It follows that such a contract cannot be regarded as a licence agreement in trade mark law. Consequently, a contractual partner tasked with registering a .eu domain name for the proprietor of the trade mark in question cannot be considered a ‘licensee of prior rights’ within the meaning of the applicable legislation.  

Copyright Enforcement and Procedure 

In Media Protection Services v Crawford [2012] EWHC 2373 (Admin), a private prosecution was brought by Media Protection Services (MPS) on behalf of the Football Association Premier League Ltd (FAPL), claiming that Crawford, a pub landlord, had dishonestly received a programme included in a broadcasting service. MPS was a private limited company trading for profit and was retained by the FAPL to investigate and prosecute infringements of its rights in relation to broadcasts of Premiership matches. MPS was remunerated by FAPL for those services. The District Judge had ruled that Mr Hoskin, the Prosecutions Director of MPS, acted unlawfully in laying an information, in that in so doing he carried out a reserved legal activity within the meaning of the Legal Services Act 2007 when he (and the appellant) were not authorised nor exempt in relation to that activity. As a result the criminal proceedings had to be dismissed.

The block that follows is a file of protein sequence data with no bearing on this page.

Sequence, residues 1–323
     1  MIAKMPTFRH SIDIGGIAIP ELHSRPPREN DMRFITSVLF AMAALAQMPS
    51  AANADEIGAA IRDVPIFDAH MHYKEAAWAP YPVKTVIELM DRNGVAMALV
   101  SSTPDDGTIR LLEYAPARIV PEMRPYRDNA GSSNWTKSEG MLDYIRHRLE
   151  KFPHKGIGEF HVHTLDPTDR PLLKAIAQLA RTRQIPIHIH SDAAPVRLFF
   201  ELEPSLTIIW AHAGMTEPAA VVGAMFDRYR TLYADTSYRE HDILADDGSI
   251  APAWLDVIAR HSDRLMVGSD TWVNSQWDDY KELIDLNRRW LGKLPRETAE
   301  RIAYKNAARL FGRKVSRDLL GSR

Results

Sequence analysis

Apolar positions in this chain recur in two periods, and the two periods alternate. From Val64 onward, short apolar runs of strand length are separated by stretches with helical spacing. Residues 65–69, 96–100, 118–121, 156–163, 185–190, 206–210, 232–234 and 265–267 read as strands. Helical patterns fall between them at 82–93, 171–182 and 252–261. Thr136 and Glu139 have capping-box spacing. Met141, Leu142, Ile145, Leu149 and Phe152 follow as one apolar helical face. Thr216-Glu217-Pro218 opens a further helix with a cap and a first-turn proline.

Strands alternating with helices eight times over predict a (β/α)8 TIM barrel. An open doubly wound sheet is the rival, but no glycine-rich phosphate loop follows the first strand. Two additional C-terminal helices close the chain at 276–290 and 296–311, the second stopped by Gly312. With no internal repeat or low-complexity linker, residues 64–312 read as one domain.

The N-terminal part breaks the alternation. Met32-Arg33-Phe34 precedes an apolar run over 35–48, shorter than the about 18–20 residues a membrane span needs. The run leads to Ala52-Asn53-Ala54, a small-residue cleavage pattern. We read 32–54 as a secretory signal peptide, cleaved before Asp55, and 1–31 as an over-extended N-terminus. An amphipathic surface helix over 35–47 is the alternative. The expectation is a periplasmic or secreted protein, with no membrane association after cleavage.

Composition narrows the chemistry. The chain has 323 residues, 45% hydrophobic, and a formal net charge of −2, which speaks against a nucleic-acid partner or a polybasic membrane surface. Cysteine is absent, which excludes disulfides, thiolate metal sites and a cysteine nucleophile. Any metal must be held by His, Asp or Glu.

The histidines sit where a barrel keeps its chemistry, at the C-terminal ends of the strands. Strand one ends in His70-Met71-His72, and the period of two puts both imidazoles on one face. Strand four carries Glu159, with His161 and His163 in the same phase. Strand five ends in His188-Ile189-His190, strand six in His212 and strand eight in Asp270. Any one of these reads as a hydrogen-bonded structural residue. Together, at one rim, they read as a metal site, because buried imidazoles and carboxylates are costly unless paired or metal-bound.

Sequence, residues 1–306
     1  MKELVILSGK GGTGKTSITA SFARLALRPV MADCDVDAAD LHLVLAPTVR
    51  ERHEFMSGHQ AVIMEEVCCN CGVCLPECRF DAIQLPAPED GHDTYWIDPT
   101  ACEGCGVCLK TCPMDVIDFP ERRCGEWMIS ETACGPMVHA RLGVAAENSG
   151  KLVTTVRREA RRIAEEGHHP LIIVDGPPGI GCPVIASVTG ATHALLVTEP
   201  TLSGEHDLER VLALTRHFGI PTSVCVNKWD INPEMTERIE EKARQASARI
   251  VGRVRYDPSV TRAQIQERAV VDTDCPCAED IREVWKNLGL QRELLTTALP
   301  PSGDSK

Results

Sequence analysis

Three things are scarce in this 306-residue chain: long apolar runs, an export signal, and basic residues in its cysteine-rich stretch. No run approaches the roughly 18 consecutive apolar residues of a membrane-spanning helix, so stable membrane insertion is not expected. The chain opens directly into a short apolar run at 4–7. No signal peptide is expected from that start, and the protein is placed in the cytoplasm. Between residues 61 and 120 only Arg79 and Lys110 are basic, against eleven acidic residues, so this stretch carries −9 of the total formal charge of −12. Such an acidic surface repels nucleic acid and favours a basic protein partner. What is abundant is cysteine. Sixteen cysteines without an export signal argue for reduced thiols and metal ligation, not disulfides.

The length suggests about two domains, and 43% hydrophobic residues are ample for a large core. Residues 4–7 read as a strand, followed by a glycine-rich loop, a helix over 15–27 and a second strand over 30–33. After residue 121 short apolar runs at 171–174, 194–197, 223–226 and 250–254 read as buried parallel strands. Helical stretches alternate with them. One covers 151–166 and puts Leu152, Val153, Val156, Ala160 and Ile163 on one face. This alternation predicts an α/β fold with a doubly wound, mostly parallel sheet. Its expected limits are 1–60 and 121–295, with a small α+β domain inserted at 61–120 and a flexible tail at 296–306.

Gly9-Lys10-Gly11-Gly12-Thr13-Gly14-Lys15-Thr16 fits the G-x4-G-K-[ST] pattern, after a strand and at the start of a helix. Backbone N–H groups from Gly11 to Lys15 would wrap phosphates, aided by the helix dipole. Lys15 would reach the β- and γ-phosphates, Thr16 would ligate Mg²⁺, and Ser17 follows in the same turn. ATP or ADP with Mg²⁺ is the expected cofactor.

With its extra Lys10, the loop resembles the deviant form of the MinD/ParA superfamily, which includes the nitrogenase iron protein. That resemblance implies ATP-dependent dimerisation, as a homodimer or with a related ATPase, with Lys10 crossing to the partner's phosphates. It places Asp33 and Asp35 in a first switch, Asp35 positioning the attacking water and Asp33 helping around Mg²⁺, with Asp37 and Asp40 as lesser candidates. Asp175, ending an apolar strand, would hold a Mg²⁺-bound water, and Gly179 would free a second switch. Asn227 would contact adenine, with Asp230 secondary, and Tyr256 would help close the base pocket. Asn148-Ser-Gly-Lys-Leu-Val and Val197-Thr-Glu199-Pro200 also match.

The Divisional Court supported that ruling. The laying of the information had amounted to the commencement of proceedings and had, therefore, been the ‘conduct of litigation’ in accordance with sch 2 to the 2007 Act and a ‘reserved legal activity’ within the meaning of s 12 of that Act. The regulatory objectives set out in s 1 of the 2007 Act and the duties owed to the court and to the defendant by prosecutors, including the duty of disclosure, did not favour recognition of the right of unqualified and unregulated persons acting for reward to institute and to conduct private prosecutions. Further, Mr Hoskin had not commenced proceedings in the magistrates’ court as a litigant acting on his own behalf, but as director of a company acting for reward for a client, namely the Football Association. He had acted as a solicitor within the meaning, and in breach, of s 20 of the 1974 Act. He had not been an authorised litigator. The appellant could not bring itself within para 4(2) of sch 2 to the 2007 Act. The reference in the Magistrates’ Courts Act 1980, s 127(1) to the laying of an information meant the lawful laying of an information and, on the facts, no information had been lawfully laid against the respondents.